Marc Chagall (Moishe Shagal) was born in 1887 near the city of Vitebsk in the Pale of Settlement. The Pale of Settlement was a stretch of land at the western border of the Russian Empire that included modern Ukrain, Belarus, Poland, Lithuania, and Latvia, where all the Jews of the Empire were confined to live under strict regulations. This restriction gave rise to the Shtetls, the typical Jewish market-villages of Eastern Europe that provided the community with everything from schools and hospitals to an own language and identity.
At the time of Chagall’s childhood Vitebsk had a population of approx. 66,000 people; half of the population was Jewish. The city was almost completely built from wood. And though his father was employed by a herring merchant, doing what Chagall recalls as ‘hellish work, the work of a galley slave’, and his mother sold groceries from home, the main source of income of the Jewish population in town was from manufacture of clothes, furniture and various agricultural tools.
Chagall was the youngest of six children. His parents were observant Hasidic Jews. Despite or because of their hard lives they found spiritual satisfaction in a life defined by their faith and organized by prayer, though this made them outsiders in a frequently hostile society. It made his father get up every morning summer or winter at 6 o’clock to go to the synagogue and pray.
This, his Jewish identity as the boy from simple means from the rich, but doomed culture of the shtetl, influenced Chagall throughout his career. Whether he lived in Russia, France or found temporary refuge in the US, whether he tried his hand in Cubism, Symbolism, Fauvism or Surrealism, he always remained the homesick boy, whose work was one long dreamy reverie of life in his native village of Vitebsk.
He was homesick for a place he left in favor of his passion and life: art. And soon he was homesick for a place that didn’t exist anymore but in his memories and dreams (from a population of 240,000 at the time of Nazi invasion only 118 inhabitants of Vitebsk survived WWII and the city was mostly burnt down). He used his art to keep dreams alive as well as the memory of his wife Bella, who died in 1944 – a death that blended in his mind with those of the millions of victims though it happened thousands of miles apart and in the security of New York. Had he known of the Avengers he probably had wished them to come to the rescue. So, I sent them out.
But this isn’t just about the extinction of a unique, Jewish way of life by Nazis. Just as the extinction of the Dodo isn’t just about the disappearance of a hobnailed, flightless bird from a tiny island that didn’t know any predators until humans landed at the island’s shore. It is about diversity – evolution’s greatest strength and nature’s biggest beauty – that frightens us humans and can bring out the worst in us.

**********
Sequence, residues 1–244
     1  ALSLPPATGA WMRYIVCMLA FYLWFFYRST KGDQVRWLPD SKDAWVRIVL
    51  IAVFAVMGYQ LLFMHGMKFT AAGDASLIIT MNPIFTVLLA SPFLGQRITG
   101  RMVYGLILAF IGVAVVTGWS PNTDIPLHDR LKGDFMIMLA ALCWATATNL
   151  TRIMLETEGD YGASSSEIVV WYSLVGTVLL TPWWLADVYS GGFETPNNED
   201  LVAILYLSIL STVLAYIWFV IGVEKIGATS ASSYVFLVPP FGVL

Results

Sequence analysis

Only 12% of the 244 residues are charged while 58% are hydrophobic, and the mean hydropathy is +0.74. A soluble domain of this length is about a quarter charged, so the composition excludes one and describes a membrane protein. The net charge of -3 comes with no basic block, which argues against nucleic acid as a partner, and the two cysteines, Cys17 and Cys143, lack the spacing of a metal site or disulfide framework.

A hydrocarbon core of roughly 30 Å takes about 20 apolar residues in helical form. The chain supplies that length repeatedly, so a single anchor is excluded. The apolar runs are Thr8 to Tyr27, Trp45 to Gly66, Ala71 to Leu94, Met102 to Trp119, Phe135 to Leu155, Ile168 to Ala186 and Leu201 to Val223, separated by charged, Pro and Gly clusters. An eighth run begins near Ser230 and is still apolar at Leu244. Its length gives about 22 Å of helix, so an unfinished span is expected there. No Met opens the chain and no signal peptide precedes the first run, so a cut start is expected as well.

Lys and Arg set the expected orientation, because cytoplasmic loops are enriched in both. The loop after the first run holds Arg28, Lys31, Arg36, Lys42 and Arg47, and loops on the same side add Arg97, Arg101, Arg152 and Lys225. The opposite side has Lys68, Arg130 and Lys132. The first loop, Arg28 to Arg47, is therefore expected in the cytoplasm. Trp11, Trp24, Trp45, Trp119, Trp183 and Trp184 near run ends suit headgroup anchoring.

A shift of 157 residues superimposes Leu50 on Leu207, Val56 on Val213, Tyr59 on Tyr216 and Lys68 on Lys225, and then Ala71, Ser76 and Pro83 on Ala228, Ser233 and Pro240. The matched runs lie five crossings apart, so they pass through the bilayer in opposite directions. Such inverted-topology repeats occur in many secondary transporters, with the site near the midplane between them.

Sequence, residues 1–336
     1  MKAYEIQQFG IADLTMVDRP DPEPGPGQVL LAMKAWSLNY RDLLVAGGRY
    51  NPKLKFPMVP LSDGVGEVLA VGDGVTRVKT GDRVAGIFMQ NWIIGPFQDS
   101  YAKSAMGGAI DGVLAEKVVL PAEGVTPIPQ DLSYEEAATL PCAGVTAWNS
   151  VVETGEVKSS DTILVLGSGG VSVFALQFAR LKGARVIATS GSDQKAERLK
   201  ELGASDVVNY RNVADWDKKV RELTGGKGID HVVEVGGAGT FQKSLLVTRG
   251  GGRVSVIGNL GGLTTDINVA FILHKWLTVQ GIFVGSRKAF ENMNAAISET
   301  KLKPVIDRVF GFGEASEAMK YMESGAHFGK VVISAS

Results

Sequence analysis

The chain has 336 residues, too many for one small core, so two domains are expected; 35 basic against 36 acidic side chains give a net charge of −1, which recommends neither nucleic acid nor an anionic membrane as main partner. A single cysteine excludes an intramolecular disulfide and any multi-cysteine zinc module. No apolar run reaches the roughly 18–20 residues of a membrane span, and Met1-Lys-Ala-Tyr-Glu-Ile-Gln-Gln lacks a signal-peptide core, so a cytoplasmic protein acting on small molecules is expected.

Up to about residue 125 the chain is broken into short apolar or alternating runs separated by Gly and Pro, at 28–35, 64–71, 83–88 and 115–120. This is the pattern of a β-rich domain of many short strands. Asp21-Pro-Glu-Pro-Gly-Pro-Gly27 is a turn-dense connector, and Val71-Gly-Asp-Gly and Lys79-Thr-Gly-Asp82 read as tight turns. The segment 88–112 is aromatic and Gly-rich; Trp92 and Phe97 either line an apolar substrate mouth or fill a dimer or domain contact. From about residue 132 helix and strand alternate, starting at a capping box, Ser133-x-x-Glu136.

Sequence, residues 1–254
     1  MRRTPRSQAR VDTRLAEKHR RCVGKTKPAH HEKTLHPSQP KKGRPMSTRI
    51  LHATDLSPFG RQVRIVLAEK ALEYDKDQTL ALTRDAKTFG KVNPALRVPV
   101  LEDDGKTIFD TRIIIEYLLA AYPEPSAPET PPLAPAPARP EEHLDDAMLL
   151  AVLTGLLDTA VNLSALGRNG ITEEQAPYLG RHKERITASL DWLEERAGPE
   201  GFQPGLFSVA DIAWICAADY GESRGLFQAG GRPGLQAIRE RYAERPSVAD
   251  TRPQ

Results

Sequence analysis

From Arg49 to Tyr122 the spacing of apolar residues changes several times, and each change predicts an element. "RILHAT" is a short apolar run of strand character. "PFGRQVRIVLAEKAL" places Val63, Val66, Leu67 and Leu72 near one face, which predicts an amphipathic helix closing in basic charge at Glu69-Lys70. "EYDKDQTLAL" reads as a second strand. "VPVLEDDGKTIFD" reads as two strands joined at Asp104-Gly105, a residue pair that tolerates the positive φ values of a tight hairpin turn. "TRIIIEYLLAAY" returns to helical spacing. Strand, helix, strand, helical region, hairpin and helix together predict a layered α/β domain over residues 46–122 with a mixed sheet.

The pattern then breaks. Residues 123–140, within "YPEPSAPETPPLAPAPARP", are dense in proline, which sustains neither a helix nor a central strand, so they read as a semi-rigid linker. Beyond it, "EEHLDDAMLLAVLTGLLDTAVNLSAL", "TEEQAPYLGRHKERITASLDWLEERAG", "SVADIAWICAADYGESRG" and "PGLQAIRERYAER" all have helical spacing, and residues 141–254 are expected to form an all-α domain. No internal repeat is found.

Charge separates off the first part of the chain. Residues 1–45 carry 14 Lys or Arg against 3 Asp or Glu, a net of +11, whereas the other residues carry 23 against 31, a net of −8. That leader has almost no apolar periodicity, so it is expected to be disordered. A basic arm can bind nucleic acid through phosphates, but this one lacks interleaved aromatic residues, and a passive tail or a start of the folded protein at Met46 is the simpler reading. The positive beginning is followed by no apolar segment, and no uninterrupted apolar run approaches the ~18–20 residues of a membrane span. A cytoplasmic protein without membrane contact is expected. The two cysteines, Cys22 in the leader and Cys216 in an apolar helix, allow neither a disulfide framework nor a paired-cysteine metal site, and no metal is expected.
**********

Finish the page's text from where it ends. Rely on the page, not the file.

Being different was the key to survival for our earliest ancestors. Being different is the key to success for a company in a crowded market. Being different is the strength of every actor, writer, singer or artist. Being different is what enables The Avengers to become heroes.
But until the success becomes visible, and often even after, being different in whatever way equals bearing a scarlet letter. It turns you into the miscellaneous group of ‘them’ that has to be distinguished from the ‘us’ by any means. It is what made us introduce terms like race, nation and culture, but also normal into our thinking and acting.
While it isn’t the diversity that should scare us, but the idea that ‘us’ is superior and hence preferable to ‘them’, because ‘us’ and ‘them’ are as interchangeable as label as ever can be, it is apparently as much part of human being as the need to find a place to belong is. And so The Avengers remain misfits as well with an idealized place of their dreams worth keeping alive and defending; very much like Chagall.
It brings to mind another world filled with Joss Whedon’s creativity and a quote whereof: Nothing in the world is the way it ought to be. It’s harsh and cruel. But that’s why there is us (ahem): Champions. It doesn’t matter where we come from, what we’ve done or suffered or even if we make a difference. We live as through the world were as it should be to show it what it can be.
OK, I can live with that ‘us’.
(All painting of mine are acrylic on 73.5 x 51 cm paper)